Review: “The Ten Thousand Doors of January” by Alix E. Harrow

Author: Alix E. Harrow
Publication Date: September 10th 2019
Genre: Fantasy
Format: Hardcover
Find it on: Amazon, Goodreads

Synopsis

In the early 1900s, a young woman embarks on a fantastical journey of self-discovery after finding a mysterious book in this captivating and lyrical debut.

In a sprawling mansion filled with peculiar treasures, January Scaller is a curiosity herself. As the ward of the wealthy Mr. Locke, she feels little different from the artifacts that decorate the halls: carefully maintained, largely ignored, and utterly out of place.

Then she finds a strange book. A book that carries the scent of other worlds, and tells a tale of secret doors, of love, adventure and danger. Each page turn reveals impossible truths about the world and January discovers a story increasingly entwined with her own.

Lush and richly imagined, a tale of impossible journeys, unforgettable love, and the enduring power of stories awaits in Alix E. Harrow’s spellbinding debut–step inside and discover its magic.

From Goodreads

Review

TLDR; A great ‘portal’-style fantasy with ten thousand doors, a young woman discovering herself, and a story within a story that warms the heart

This book was such a joy to read! I struggled through the first hundred pages, but everything after that was fantastic. At this point in my life I just don’t typically enjoy 1st person stories or books narrated from the point of view of a young child (nothing against people who do, it’s just not my thing), so for that reason I was very skeptical I’d enjoy the story. I almost decided to drop it about fifty pages in but I’m so glad I didn’t – there was so much to love about this book later on I would have missed!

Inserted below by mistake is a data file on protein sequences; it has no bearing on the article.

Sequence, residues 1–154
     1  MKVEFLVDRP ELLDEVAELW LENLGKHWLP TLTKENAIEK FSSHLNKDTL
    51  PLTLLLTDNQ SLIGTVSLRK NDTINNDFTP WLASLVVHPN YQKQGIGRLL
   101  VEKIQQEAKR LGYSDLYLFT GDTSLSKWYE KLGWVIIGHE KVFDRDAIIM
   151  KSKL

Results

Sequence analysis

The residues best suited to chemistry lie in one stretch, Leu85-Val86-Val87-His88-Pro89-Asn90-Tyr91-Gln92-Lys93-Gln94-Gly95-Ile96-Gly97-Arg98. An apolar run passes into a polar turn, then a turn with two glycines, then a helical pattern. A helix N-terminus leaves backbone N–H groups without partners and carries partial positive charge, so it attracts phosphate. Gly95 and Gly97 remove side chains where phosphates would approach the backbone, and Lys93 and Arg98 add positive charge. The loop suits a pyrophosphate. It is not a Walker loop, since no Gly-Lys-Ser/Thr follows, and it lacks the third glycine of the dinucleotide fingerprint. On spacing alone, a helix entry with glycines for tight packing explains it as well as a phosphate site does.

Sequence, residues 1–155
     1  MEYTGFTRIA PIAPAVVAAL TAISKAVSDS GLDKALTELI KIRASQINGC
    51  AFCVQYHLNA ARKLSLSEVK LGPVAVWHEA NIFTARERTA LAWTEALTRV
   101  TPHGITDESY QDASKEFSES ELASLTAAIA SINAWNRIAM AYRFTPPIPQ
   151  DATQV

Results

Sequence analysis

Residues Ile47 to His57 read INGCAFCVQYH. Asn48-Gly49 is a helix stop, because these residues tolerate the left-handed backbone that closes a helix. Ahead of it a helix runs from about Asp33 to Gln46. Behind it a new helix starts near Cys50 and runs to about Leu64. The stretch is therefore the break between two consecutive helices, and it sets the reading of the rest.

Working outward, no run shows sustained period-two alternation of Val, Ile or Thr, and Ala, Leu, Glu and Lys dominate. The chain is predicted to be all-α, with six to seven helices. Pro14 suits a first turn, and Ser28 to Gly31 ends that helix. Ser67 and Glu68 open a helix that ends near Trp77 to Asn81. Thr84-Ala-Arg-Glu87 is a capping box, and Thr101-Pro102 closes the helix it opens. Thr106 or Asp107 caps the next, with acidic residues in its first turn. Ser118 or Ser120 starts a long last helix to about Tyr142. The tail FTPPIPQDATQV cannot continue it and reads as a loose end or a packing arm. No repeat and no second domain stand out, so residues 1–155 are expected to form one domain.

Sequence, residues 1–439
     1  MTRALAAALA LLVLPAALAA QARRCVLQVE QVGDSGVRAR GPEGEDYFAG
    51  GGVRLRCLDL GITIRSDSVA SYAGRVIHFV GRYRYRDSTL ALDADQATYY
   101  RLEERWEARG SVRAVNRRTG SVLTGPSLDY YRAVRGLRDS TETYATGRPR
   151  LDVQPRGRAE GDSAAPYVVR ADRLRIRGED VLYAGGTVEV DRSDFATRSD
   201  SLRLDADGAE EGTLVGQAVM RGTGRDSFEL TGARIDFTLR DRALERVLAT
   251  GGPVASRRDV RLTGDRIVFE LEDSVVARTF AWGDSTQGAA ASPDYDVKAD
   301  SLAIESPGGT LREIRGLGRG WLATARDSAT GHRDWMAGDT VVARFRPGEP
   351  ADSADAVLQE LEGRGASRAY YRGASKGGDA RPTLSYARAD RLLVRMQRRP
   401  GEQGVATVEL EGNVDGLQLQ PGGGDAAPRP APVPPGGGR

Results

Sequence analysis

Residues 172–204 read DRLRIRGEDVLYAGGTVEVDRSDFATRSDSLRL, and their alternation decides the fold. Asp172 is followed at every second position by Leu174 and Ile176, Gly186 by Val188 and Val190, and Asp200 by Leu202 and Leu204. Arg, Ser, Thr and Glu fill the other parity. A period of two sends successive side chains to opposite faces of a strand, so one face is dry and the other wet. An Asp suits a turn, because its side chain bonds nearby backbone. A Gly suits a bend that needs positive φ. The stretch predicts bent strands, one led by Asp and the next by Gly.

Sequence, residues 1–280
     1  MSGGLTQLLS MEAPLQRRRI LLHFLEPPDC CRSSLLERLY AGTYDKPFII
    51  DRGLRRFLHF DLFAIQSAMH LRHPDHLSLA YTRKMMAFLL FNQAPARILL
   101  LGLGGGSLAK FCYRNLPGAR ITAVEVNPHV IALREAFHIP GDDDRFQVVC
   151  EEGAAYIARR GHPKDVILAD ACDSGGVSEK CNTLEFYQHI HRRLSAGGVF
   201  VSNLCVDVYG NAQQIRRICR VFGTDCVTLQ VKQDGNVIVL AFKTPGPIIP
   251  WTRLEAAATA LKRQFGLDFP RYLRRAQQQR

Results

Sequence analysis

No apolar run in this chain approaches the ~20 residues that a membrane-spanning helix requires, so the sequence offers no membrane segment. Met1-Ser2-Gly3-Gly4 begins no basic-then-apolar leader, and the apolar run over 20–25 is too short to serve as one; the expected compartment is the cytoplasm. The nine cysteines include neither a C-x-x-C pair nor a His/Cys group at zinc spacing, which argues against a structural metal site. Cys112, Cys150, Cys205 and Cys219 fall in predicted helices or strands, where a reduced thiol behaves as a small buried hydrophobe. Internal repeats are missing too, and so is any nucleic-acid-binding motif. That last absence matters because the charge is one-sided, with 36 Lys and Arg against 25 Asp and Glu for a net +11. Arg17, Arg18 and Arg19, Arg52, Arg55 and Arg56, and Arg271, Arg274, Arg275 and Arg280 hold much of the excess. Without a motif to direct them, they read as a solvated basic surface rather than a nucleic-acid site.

About a hundred pages in the story really picked up for me, and I loved the ‘story within a story’ element facilitated by January’s discovery of a mysterious book. From there she’s swept on a grand journey and we accompany her as she grows into a fierce, determined adventurer with a will all her own. To be honest I was uncertain she’d evolve to that point, given her long status through the first bit of the book as a ward to Mr. Locke. Her situation seemed so stagnant it was entirely possible she’d become complacent and grow old in it without seeing the time pass. Days filled in a quiet collectors house, doing lessons expected of young ladies, and attending horribly boring dinner parties, punctuated by visits from Samuel and the occasional return of her father. The only hints we get of future adventure is the strange gifts she finds left in an antique chest, and Mr. Locke’s affectionate introduction of her to guests as unique (which is something any proud ‘parent’ would say). Of course everything eventually comes to a boiling point and the adventure is kicked off in an unexpected way.

The slightly bookish/writer part of me loved the mechanisms used for magic in this book, even though I was skeptical I’d enjoy the portal/door idea. There are also non-human creatures included but I don’t know that they were used so effectively. It seemed like they could have been slightly gifted/augmented humans and the story would have been equally enjoyable. The two love stories within this plot also stole my heart. They’re not overly sappy or cliche (which is a complete turn off for me), but have just the right balance of love, trust, and growth to make your chest feel full.

The book concluded with a very satisfying ending (again, not overly clean) and while I sincerely hope there’s a sequel at some point I’m perfectly content with how the ending wrapped up. I’d recommend this book to anyone who enjoys portal-style fantasy, has a small nerdy bookish/writers side to them, and harbors a secret soft spot for a side-helping of romance (last bit non-essential).

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